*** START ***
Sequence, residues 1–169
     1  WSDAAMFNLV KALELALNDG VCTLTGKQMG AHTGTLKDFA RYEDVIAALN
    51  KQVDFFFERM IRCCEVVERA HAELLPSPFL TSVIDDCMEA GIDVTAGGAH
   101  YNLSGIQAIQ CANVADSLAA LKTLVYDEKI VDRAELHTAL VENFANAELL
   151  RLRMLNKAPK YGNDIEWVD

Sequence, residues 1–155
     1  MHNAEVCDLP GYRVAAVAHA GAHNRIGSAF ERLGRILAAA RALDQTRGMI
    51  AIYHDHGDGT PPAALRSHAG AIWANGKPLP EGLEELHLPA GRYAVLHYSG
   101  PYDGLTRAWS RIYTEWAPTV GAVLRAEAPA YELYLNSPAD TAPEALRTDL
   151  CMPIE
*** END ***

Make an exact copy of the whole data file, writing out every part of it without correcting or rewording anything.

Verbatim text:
Sequence, residues 1–169
     1  WSDAAMFNLV KALELALNDG VCTLTGKQMG AHTGTLKDFA RYEDVIAALN
    51  KQVDFFFERM IRCCEVVERA HAELLPSPFL TSVIDDCMEA GIDVTAGGAH
   101  YNLSGIQAIQ CANVADSLAA LKTLVYDEKI VDRAELHTAL VENFANAELL
   151  RLRMLNKAPK YGNDIEWVD

Sequence, residues 1–155
     1  MHNAEVCDLP GYRVAAVAHA GAHNRIGSAF ERLGRILAAA RALDQTRGMI
    51  AIYHDHGDGT PPAALRSHAG AIWANGKPLP EGLEELHLPA GRYAVLHYSG
   101  PYDGLTRAWS RIYTEWAPTV GAVLRAEAPA YELYLNSPAD TAPEALRTDL
   151  CMPIE